For instance, techniques are known for extracting silver and copper from silver and copper bearing solids by hydrometallurgical techniques such as by utilizing pressure oxidation in a nitric/sulfuric acid environment. For instance, see U.S. Pat. No. 4,084,961 to Caldon.

However, even ore leaching techniques, as so far provided by the art, suffer from certain drawbacks. Among these is the attendant expensive consumption of leaching agents, especially acid and oxidant, i.e. where soluble salts are to be formed of the desired metal values by the action of an oxidizing acid, such as nitric acid, and oxygen on the metal bearing mineral material. In order to obtain more efficient recovery of some desired metal values, the ore is sometimes pretreated to remove unwanted constituents. Where such pretreatment involves roasting steps, the above stated disadvantages must be similarly considered. Where such pretreatment involves hydrometallurgical steps, expensive consumption of treatment agents and problems of their disposal are often involved which when added to the energy and equipment requirements significantly detract from the overall economy of the system used. Moreover, once the desired metal values have been leached from the mineral material, for instance by an acid leaching treatment, the metal values must be separately recovered and the remaining leaching solution containing acid values and perhaps residual metal values must be disposed of or regenerated for recycling. Such recovery and work up add to the overall treatment cost.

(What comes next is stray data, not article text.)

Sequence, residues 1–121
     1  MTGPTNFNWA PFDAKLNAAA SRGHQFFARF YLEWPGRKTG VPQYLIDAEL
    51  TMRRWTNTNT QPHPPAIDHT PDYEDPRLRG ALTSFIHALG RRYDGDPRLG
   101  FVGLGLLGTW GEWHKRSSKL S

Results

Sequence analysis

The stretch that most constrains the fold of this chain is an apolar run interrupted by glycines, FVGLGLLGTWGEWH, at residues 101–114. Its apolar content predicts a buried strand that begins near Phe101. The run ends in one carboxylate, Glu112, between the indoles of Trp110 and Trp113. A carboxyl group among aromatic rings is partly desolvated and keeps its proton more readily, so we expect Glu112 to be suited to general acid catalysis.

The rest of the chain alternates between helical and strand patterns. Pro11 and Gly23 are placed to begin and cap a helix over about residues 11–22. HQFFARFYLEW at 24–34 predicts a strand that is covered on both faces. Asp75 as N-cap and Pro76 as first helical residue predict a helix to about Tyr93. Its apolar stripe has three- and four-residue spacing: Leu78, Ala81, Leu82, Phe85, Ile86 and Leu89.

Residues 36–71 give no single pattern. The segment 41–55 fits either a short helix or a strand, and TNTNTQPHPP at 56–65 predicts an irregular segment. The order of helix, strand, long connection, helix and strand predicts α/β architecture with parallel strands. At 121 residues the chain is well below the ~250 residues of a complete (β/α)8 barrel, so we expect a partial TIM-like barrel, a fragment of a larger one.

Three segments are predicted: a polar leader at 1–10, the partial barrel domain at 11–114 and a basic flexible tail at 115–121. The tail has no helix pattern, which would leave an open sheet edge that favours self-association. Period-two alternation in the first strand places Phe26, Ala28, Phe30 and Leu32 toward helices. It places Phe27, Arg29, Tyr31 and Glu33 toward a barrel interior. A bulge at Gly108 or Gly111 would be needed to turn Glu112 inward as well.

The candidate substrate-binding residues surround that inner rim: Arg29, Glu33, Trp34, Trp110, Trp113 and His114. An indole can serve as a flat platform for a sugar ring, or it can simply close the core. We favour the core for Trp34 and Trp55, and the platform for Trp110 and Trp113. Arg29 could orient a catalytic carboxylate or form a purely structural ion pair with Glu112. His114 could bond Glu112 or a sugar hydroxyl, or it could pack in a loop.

In particular, one obvious disadvantage of acid treating under pressure a metal containing material, whether sulfide, oxide or mixture, in which any of the desired metals are associated with carbonates, is the substantial pressure developed by the release of carbon dioxide gas. Carbon dioxide always develops in such instances where an acid reacts with a carbonate material. Very often metal mines yield ores, particularly those involving silver, copper, zinc, arsenic, iron, lead, sulfur, antimony, bismuth, gold, and the like, in which the valuable metals are associated geologically with manganese or iron carbonate. In the flotation treatment of these ores, metals combined as carbonates very often concentrate with the sulfide or oxide flotation product.